“I followed in De Vicenzo’s steps. He left the door open for me,” Fernandez says. “He was an inspiration for all the Latinos. They could see De Vicenzo playing worldwide – not only the way he played, but also because he was a gentleman.”
De Vicenzo only slightly embraces his role as trailblazer. Instead, the philosopher turns fan. A fan who watched the final round at Oakmont last year with equal amounts of pride and envy.
He marvels at Cabrera’s ability to handle the pressure of a major Sunday, and notes with a wry smile that his compatriot’s $1.26 million haul for winning the 2007 U.S. Open was 200 times more than the $6,000 he collected for winning the ’67 Open Championship.
“Money is like women. Good women, your eyes are open. Bad women, you no look. Good money, you look. Bad money, you no see it. Right?” he smiles.
Golf karma cares little for the content of a player’s character. If it did, De Vicenzo would have a green jacket to go with those 230 other keepsakes and a permanent home among the pines and azaleas. Instead, the thoughtful son of a housepainter will be watching the action from his modest home near Buenos Aires. Or maybe he’ll walk the three blocks to Ranelagh and regale friends with memories from that fateful Masters. He talks about the ’68 Masters with a detached ease. He can even laugh about it. After 40 years, De Vicenzo has forged a peace with his place in golf lore, but that doesn’t mean the inner competitor is content with how the cosmic tumblers fell into place.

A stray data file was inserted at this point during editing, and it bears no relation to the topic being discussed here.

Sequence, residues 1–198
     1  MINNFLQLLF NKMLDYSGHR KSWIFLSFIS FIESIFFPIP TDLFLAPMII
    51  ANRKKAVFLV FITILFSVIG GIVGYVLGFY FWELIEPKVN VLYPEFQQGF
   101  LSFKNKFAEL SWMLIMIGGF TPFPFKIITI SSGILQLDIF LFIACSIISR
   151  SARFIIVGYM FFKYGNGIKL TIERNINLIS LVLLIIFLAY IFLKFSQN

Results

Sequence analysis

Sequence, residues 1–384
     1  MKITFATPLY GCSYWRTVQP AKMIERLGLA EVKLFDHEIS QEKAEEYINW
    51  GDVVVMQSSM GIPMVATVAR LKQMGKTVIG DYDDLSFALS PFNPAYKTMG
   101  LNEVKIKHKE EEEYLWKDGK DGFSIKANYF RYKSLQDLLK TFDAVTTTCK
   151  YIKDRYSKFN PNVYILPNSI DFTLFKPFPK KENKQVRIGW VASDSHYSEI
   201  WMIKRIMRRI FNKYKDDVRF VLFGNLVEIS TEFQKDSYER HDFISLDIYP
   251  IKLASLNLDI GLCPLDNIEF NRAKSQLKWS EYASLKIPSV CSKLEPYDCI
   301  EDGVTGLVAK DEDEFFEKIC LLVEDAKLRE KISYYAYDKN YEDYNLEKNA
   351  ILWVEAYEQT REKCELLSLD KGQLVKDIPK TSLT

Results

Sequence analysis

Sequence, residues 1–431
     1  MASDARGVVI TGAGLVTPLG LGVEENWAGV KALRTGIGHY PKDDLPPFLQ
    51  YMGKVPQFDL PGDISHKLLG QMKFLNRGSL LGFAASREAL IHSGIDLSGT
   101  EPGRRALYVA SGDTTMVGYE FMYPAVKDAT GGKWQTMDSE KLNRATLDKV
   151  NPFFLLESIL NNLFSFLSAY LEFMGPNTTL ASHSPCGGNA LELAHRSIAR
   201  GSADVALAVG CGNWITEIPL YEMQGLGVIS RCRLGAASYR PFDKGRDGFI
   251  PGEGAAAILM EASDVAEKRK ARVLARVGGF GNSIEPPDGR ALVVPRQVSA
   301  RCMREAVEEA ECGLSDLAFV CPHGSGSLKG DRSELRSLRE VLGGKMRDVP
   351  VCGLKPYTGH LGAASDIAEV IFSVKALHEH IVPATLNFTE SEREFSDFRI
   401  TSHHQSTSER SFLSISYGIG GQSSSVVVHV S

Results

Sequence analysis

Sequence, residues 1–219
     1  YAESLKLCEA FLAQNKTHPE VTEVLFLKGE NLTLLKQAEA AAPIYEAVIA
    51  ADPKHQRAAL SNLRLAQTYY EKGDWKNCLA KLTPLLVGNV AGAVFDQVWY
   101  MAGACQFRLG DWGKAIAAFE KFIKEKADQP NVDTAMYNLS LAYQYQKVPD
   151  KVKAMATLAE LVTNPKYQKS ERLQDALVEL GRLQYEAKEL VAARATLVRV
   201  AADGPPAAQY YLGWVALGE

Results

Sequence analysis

“The tournament (has) no finish yet. When I die, I go to heaven and wait for Goalby. We will have that playoff,” De Vicenzo says, smiling. “But I don’t know if he go in (heaven).”